“The last living designer who was a subject of a monographic exhibition at the Met was Yves Saint Laurent in 1983,” recalled Andrew Bolton, Curator in Charge of The Costume Institute, during a Paris preview of the Met's forthcoming Rei Kawakubo / Comme des Garçons: Art of the In-Between. “At the time, if you were to ask any fashion journalist who they considered to be the most important and influential designer at that particular moment, the response unanimously would have been Saint Laurent. If you were to pose the same question today, the response, again unanimously, would be Rei Kawakubo.”
One need only look at the Fall 2017 ready-to-wear collections to know that he is absolutely right. In a vast sea of sameness, Kawakubo’s haunting Comme des Garçons offering, "The Future of Silhouette," stood out. But that's hardly surprising, because since first showing in Paris in 1981, Kawakubo has unfailingly presented collections that make us think, question, wrinkle our eyebrows, and reassess what fashion is in the first place—its purpose, its power, its point.
However, as Bolton pointed out while addressing the Paris fashion set, Kawakubo’s real strength is embracing the void—exploring that space of, well, in-betweenness that at once separates and unites seemingly contrasting concepts, classes, and ideals. “In her work, Rei breaks down the false walls between...dualisms, exposing their artificiality and arbitrariness,” Bolton said.
Photo: BFA.com. View more at BFA.com.
The exhibition, set to include 150 mannequins in creations spanning Kawakubo’s entire career, will be divided into eight sections, each of which will delve deep into the “dominant and recurring aesthetic expressions of in-betweenness in Rei’s collections: Fashion/Anti-Fashion, Design/Not Design, Model/ Multiple, Then/Now, High/Low, Self/Other, Object/Subject, and Clothes/Not Clothes.” These dualities, as well as much of Kawakubo’s work, are largely based on the Buddhist concepts of “wabi-sabi” (the acceptance or art of imperfection), and “mu” (meaning the absence of, not having, or without). The show will cover everything from Kawakubo’s early ’80s collections—which were then panned by critics as “bag lady-chic” or “drab”—to her more recent outings, which have eschewed the modern, Western conceptions of what commercial clothing must be in favor of abstract, sculptural expressions of our current times.
On display at the press breakfast during Paris fashion week were a handful mannequins (whose headpieces were made by hairstylist and CDG collaborator Julien d'Ys) wearing shocking red looks. There were, of course, two ensembles from Kawakubo’s iconic 1997 “Body Meets Dress, Dress Meets Body” collection (more commonly known as “Lumps and Bumps”), which consisted of stretch nylon garments that were distorted with bulbous padding. It proposed, as Bolton put it, “a radical rethinking of the body…[that] subverted the traditional language of the fashionable body.” Indeed, these looks—some of the Kawakubo’s most sought-after and collectible—were not about idolizing the waif or the hourglass.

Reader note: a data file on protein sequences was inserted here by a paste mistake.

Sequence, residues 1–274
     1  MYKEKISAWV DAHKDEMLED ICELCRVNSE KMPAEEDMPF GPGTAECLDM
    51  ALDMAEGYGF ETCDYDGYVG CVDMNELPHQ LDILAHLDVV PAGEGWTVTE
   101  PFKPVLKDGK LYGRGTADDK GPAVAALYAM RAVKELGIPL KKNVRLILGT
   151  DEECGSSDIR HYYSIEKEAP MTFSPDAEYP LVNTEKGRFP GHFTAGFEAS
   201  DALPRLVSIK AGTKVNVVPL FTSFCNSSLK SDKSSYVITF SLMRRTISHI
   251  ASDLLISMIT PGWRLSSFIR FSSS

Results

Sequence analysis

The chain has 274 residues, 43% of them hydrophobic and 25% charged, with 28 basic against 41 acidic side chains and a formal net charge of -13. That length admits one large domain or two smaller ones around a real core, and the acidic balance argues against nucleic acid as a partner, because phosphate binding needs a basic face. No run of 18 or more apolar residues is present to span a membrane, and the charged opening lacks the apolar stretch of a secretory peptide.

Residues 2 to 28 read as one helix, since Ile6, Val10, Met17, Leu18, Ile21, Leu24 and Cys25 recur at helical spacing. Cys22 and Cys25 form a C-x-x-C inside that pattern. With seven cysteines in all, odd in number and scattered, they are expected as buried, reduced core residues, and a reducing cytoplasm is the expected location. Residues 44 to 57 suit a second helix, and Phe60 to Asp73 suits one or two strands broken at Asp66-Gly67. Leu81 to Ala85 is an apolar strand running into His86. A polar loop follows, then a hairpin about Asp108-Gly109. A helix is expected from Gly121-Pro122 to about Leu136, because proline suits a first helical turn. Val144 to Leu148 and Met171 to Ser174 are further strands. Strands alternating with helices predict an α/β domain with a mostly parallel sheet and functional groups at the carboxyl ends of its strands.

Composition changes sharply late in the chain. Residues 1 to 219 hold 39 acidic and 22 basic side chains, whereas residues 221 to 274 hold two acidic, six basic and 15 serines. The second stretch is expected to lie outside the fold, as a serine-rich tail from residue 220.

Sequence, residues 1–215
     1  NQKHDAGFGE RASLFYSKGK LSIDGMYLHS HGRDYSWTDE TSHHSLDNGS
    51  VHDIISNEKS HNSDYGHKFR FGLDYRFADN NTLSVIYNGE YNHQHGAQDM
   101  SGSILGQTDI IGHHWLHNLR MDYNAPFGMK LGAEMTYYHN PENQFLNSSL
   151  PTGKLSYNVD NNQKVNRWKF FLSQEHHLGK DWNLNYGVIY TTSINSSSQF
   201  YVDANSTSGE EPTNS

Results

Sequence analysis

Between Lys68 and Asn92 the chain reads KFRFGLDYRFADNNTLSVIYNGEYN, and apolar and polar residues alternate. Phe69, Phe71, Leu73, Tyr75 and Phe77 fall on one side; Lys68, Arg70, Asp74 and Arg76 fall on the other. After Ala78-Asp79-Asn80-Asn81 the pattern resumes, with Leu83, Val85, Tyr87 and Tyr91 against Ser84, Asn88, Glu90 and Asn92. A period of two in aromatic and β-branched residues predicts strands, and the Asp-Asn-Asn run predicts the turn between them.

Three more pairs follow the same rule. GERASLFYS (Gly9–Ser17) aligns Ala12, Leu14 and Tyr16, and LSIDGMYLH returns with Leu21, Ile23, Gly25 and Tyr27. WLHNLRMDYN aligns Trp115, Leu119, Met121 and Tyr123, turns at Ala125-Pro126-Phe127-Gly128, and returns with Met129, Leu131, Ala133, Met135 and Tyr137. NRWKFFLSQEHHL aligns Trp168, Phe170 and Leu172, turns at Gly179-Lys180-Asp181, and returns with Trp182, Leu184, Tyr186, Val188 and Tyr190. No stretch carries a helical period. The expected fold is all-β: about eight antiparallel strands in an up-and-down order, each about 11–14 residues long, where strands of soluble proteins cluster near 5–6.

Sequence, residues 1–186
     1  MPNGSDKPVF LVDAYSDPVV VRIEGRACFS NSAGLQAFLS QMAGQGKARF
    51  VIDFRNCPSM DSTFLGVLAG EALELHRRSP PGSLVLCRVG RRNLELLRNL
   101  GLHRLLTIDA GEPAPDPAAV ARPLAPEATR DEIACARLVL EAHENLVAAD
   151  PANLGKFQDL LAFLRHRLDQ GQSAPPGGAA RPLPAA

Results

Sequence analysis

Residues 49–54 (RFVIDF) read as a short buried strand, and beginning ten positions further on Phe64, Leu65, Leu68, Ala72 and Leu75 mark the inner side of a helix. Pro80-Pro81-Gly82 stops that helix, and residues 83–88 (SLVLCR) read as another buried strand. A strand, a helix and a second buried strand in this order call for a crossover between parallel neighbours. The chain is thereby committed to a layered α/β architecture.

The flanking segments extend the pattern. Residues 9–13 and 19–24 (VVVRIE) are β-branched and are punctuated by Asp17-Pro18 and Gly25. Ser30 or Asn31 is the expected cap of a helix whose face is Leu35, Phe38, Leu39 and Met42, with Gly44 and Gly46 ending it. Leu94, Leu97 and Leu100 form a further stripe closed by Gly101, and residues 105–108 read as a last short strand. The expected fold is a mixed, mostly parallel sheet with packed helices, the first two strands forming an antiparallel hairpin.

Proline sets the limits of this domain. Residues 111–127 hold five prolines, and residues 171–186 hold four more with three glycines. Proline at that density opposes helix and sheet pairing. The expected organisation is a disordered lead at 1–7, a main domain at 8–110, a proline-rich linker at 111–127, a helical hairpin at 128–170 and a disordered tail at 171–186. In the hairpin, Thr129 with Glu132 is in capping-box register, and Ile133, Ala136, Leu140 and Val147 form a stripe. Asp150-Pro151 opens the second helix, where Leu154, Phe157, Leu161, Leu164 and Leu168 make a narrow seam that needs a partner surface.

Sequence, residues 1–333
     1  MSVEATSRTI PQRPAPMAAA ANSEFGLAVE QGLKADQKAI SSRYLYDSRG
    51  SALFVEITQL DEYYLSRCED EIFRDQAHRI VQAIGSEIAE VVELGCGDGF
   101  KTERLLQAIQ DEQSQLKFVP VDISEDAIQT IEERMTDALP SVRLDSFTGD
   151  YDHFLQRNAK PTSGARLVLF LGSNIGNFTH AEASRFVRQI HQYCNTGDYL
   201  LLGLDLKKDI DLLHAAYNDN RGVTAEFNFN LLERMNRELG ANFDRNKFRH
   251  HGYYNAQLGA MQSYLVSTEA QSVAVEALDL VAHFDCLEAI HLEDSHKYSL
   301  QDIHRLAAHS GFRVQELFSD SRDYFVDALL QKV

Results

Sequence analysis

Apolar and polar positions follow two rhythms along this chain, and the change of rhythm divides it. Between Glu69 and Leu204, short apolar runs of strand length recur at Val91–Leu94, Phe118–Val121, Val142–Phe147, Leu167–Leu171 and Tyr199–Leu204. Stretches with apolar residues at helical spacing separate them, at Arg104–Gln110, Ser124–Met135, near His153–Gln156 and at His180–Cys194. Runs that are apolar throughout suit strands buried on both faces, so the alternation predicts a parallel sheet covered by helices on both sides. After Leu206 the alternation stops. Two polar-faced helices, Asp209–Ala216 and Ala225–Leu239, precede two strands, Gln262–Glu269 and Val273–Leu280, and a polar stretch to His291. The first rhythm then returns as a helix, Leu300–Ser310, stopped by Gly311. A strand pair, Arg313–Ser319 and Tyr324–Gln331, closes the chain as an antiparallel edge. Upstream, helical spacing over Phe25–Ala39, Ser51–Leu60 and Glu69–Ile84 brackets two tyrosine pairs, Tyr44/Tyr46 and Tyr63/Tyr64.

Also on view were two felt looks from Kawakubo’s Fall 2012 “2-D” or “Paper Doll” collection, the premise of which, according to Tim Blanks’ Style.com review, was that “the future’s in two dimensions.” Here, Kawakubo flattened bodies completely—not unlike what Instagram, Facebook, and those other social media apps do to your selfies. On a personal note, this collection was what led me to begin manically collecting CDG. On a conceptual level, it was the only Fall 2012 offering that truly spoke to what was happening not just in our industry, but in the world—we are projecting flattened ideas and personas through cyberspace. From an aesthetic perspective, it was bizarrely flattering, though I’m not sure Kawakubo would appreciate that assessment.
Photo: BFA.com. View more at BFA.com.
The final look on display was from CDG’s Spring 2017 range, “Invisible Clothes.” The runway piece—a gargantuan velvet babydoll dress with clear plastic on the bodice—is emblematic of Kawakubo’s interest in subverting adulthood and childhood, as well as her affinity for distorting what Bolton described as “overblown 19th century silhouettes.”
When I spoke to Bolton after the presentation, he touched on his experience working with Kawakubo, a meticulous talent who rarely speaks about, much less explains, her work. “She makes you step outside your comfort zone,” he said. “In actual fact, she was incredibly hands-off when it came to the thesis of the exhibition—the narrative. She was more concerned about the space—about creating a space that she felt would anchor the clothing, and her narrative, which it does. What she’s asking you to do, I think, is step inside the space, free your mind, and experience her work, instead of interpret it. But also, to encourage subjective interpretation. So, it’s been a challenge.”
This exhibition will also challenge the viewer, and Bolton feels that’s intensely important—especially now. “Rei is one of the few designers working today whose constant pursuit of creation and originality is always evolving. I think we need that today. The fashion system sometimes disallows people like Rei to create work that is purely based on creation. More than any other time, we need to be reminded of people like Rei, who fights fiercely, independently for her own space in the fashion world, without any compromise. I find that really inspiring.”
No doubt, those who go see the exhibition, which runs from May 4 through September 4, 2017, will be inspired too.